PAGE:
The challenge of time-based data visualization has kept academics and data scientists busy for years.
We’ve covered why you should visualize networks before. But how do you give users the ability to filter and summarize time-based connected data without overwhelming them? What’s the clearest, most intuitive way to reveal how events unfold? What if the time element holds the insight that unlocks everything else?
This blog post explores some of the most popular ways of visualizing dynamic networks through time. We’ll see how the time bar evolved, and what makes it so effective.
We’ll also introduce the next generation in dynamic visualization: KronoGraph, the toolkit for building fully-interactive timelines directly from your data.
Have you tried our data visualization toolkits yet?
Approach 1: Small Multiples
This is a common way to represent the evolution of a network. It generally involves taking snapshots of the network at different points in time, and comparing them side-by-side:
The small multiples approach can be enhanced with some animation (like a flick-book) and using visual effects to highlight nodes and links joining or leaving the network.
This example shows new chart entities in green and expiring ones in red. It feels more like a ‘spot the difference’ puzzle than intuitive network visualization. The time it takes to cross-reference between versions, and the lack of granularity, limits its effectiveness.
Approach 2: Time slices
A more sophisticated option is to create time slices of the network and present them all together, with nodes connected across the slices:
This way makes it is easier to track the progress of individual nodes, but… We’re back to 3D networks. Oh dear.
The topologies become very distorted in this view, making wider trends almost impossible to find. This example also uses labeling, which goes some way to improving the readability, but not much.
Approach 3: GraphDiaries
This approach stands out by having the catchiest name, but is otherwise quite challenging. It uses color-coding to represent nodes as they appear and disappear. The approach definitely gets bonus points for keeping time and network both in a single view – something we were keen to do with the time bar.
Approach 4: Time Slider
This is one of the most advanced approaches we found. It combines a time slider, histogram and color-coding. The color of the histogram bars corresponds with the colors on the network chart (red bar refers to red nodes, etc) and the user navigates through time with a slider along the bottom of the screen.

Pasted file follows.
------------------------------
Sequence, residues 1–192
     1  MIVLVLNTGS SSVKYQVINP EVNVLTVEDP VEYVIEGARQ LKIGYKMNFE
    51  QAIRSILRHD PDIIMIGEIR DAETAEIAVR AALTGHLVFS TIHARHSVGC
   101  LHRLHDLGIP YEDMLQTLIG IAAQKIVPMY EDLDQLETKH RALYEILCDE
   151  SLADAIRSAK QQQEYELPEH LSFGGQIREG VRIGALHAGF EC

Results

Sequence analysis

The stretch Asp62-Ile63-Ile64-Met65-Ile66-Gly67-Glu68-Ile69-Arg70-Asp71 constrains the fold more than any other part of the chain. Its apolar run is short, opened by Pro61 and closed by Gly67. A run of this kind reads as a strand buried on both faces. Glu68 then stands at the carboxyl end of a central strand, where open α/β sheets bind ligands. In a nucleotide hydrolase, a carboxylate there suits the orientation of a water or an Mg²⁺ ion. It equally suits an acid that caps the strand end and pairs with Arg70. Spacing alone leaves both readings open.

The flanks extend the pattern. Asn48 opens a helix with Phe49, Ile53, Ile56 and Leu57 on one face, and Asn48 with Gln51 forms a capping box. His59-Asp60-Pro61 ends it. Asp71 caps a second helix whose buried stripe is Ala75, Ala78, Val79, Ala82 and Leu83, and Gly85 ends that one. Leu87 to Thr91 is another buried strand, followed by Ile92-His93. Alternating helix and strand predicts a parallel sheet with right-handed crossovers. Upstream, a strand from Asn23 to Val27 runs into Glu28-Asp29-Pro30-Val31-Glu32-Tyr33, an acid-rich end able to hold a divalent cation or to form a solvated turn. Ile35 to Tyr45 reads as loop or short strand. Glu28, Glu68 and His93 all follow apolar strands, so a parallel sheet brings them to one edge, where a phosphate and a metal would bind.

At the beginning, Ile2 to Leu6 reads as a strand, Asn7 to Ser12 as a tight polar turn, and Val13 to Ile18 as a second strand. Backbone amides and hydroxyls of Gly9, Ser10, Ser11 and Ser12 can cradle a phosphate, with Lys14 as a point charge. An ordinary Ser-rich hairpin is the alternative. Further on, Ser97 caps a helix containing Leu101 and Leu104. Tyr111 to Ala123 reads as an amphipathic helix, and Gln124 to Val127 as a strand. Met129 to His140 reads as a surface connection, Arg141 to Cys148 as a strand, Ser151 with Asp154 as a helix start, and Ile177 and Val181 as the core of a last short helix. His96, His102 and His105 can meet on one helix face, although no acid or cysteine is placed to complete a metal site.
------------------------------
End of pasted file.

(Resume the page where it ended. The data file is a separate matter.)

There are elements of this design that are highly intuitive: the node-link network, and the histogram with time slider. Also, the user can observe network changes without having to cross-reference between different screens.
After much debate, design and development, we settled on a hybrid approach combining small multiples, animation, area plots, histograms and a time slider.
We think we landed on a design that is clear, clean and intuitive. Users can view network and sub-network trends in a single component, with simple controls for filtering and navigation:
Stacked bars in your time bar’s histogram show how different types of activity evolve, while area plots give a more fluid display of what’s happening in the network:
The time bar is fully integrated with the network chart. Users can explore chart items and watch the time bar update, or filter events in the time bar to drive changes in the chart. There are also animation controls to reveal data evolution.
A new era in visualizing time-based data: KronoGraph
We’ve seen how the time bar gives users a powerful way to filter and summarize the time-based data in their networks. It’s one of the key features of our graph visualization toolkits.
We also recognized the need to give investigators a new way of understanding how events unfold over time, so we created KronoGraph. It’s a toolkit for building fully-interactive timeline visualizations directly from your data.
Timelines transition smoothly and look good at every scale – from a single event to an aggregated heatmap view of thousands.
You can even integrate it with ReGraph and KeyLines to explore your graph data in a completely new way.
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This post was originally published some time ago. It’s still popular, so we’ve updated it with fresh content to keep it useful and relevant.